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Cigar Review: Powstanie Broadleaf Toro

9 Sep 2019

Like many of you, I’m sure, I’ve been a huge fan of RoMa Craft Tobac for years. In my estimation, the entire RoMa portfolio is well-made, expertly blended, and relatively easy on the wallet. The Intemperance BA XXI A.W.S. IV, especially, has long been a favorite of mine.

I tend to think of the RoMa Craft Tobac family extending beyond the core RoMa blends (Intemperance, CroMagnon, Neanderthal) to all cigars made at Fabrica de Tabacos NicaSueño S.A. in Estelí. While technically inaccurate, this frame of mind is not wholly inappropriate since, in my experience, I’ve yet to run across a NicaSueño cigar that wasn’t satisfying, tasty, and well-constructed.

Fable is one non-RoMa cigar made at NicaSueño. Powstanie is another. It is made for Pospiech Cigars, a distributor owned by owners Mike and Greg Szczepankiewicz. The name (pronounced poh-stahn-ya) honors the Warsaw Uprising—a 1944 underground operation aimed at liberating the city from German control. It comes in three blends: Habano, SBC16 (barber pole), and Broadleaf.

The Powstanie Broadleaf is available in four vitolas: Toro (6 x 52), Perfecto (5 x 50), Robusto (5 x 50), and Belicoso (5.5 x 54). In addition to a Broadleaf wrapper, these cigars feature Indonesian binders and a filler blend of Nicaraguan tobaccos (Estelí Ligero, Jalapa, and Pueblo Nuevo).

The Toro retails for about $10 and is packaged in boxes of 21. It is an oily, firm cigar with zero soft spots and attractive dual bands of red, white, and silver. The logo and colors are clearly a nod to the “anchor emblem” of the Polish resistance. The thickness of the Broadleaf wrapper results in noticeable seams and a few prominent veins.

The cold draw is slightly stiff with a pre-light flavor of dried apricot. At the foot, there is surprisingly little aroma, save for molasses and an earthy mustiness.

It’s amazing how quickly the draw opens right up as soon as an even light is established. The ensuing smoke production, which is voluminous, has a medium- to full-bodied profile of cereals, roast cashew, green raisin, and some warm tobacco sweetness on the finish. The texture is bready. As the finish lingers, I notice black pepper spice on the tip of the tongue.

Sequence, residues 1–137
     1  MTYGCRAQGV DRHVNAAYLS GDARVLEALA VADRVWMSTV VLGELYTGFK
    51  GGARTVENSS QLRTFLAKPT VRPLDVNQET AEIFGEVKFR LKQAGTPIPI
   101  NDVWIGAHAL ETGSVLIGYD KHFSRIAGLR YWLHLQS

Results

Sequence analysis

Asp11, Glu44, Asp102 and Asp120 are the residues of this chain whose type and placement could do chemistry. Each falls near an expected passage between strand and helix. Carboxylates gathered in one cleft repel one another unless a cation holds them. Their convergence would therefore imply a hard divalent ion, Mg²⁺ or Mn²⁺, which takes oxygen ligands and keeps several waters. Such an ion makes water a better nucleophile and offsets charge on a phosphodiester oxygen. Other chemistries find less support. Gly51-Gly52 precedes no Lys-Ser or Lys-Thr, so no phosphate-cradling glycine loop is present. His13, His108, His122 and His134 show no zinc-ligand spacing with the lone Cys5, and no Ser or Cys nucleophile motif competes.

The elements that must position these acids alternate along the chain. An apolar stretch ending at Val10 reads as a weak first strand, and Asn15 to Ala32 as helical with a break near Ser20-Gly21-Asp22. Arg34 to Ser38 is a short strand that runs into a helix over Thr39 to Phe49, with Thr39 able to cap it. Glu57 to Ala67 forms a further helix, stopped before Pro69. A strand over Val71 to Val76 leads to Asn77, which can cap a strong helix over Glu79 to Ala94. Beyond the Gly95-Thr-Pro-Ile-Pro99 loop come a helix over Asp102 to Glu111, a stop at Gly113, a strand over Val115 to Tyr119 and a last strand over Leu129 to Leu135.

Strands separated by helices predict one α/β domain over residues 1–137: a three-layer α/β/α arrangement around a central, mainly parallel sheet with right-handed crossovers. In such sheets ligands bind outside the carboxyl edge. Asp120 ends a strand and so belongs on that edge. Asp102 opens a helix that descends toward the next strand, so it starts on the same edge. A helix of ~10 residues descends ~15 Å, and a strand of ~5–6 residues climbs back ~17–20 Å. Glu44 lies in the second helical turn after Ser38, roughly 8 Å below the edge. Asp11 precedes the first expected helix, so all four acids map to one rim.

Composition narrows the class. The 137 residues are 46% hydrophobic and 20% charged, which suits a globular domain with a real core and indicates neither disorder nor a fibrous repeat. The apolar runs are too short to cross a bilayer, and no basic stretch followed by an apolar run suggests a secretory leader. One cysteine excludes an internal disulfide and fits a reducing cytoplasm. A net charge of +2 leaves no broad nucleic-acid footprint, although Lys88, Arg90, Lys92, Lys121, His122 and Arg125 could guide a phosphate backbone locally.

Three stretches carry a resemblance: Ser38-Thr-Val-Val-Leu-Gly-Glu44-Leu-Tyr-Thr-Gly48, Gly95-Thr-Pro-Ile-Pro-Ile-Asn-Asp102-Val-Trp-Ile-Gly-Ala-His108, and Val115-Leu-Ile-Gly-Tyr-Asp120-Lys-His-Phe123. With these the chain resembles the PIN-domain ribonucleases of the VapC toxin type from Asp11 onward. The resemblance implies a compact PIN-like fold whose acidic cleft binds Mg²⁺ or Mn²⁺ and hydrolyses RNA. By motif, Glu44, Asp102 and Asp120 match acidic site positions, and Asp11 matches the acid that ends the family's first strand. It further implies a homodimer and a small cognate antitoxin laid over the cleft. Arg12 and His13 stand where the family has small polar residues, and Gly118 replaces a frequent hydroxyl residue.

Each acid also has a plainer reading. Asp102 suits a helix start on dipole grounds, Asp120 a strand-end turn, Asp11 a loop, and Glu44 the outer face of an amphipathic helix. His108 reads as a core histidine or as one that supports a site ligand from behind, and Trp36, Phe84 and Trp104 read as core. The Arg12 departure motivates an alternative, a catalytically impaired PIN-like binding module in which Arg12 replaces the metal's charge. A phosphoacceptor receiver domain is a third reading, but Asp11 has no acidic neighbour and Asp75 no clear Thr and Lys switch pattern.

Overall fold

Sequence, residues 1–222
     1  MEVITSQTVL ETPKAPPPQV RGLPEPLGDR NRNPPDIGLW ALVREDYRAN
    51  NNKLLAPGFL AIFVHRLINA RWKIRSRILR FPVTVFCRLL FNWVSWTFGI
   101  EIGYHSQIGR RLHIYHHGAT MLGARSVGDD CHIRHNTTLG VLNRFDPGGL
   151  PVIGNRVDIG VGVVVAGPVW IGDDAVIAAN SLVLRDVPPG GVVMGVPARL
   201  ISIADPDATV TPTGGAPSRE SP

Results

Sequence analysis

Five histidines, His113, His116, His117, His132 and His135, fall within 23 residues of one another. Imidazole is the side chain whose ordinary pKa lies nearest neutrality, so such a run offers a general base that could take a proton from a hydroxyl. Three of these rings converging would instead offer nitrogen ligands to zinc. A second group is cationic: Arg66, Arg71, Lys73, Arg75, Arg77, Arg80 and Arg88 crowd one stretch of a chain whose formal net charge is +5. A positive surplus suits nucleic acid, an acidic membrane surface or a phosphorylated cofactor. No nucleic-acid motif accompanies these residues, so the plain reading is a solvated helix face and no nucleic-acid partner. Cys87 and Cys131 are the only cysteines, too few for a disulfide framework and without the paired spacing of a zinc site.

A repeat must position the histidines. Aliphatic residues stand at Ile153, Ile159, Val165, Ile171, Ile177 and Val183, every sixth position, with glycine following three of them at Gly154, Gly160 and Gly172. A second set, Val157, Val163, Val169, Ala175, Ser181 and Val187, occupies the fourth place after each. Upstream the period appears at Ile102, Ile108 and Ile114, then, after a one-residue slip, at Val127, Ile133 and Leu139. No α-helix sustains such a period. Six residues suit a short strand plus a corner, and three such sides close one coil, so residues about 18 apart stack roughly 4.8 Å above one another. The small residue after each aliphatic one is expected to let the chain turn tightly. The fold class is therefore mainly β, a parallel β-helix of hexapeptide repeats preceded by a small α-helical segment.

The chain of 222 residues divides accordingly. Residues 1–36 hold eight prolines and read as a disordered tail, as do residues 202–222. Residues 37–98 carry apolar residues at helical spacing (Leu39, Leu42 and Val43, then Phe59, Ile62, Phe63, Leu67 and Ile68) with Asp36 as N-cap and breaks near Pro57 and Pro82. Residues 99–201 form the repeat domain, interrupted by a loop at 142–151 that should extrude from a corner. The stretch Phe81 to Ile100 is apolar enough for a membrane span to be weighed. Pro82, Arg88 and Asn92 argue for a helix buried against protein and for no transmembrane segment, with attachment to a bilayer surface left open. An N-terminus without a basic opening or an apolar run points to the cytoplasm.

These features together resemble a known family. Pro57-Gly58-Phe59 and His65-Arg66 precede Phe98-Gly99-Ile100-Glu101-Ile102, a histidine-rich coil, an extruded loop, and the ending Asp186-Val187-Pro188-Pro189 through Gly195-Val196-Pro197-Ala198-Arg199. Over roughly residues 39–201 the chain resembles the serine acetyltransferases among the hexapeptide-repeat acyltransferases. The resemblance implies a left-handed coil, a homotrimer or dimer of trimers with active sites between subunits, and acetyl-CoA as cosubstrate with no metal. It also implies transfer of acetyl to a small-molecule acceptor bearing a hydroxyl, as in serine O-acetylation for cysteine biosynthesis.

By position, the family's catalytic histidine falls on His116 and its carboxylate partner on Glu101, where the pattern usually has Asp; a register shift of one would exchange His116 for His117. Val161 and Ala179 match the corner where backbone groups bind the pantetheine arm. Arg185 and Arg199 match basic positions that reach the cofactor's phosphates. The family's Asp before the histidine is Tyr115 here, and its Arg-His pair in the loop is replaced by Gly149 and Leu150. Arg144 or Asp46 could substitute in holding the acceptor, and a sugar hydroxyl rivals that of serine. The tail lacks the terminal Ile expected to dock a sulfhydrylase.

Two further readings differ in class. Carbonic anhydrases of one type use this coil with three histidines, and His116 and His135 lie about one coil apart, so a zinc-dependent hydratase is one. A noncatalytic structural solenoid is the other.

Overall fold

As the Toro progresses, the spice remains somewhat muted, yet the body swings more decidedly towards the full-bodied spectrum. The fundamental flavors remain unchanged. Throughout, the combustion properties are solid. I would only add that the ash tends to fall off a bit prematurely, and the burn line does require a touch-up here and there to stay even.

Whatever minor shortcomings the Powstanie Broadleaf Toro has in the physical department, though, are more than made up for in flavor. This cigar has balance and complexity, and—despite the 90-minute plus smoke time—does not overstay its welcome. And here’s the kicker: For over a decade I’ve said the highest compliment I can pay a cigar is wanting to smoke another once I finish it. I feel that way about this one, which is ultimately why I’m awarding it four and a half stogies out of five.

[To read more cigar reviews, please click here.]

Patrick A

photo credit: Stogie Guys

One Response to “Cigar Review: Powstanie Broadleaf Toro”

  1. David Monday, September 9, 2019 at 9:05 am #

    One of my favorites too. It’s a hidden gem that too few smokers know about. This post reminded me I’m down to one in my humidor. I know what I need to do…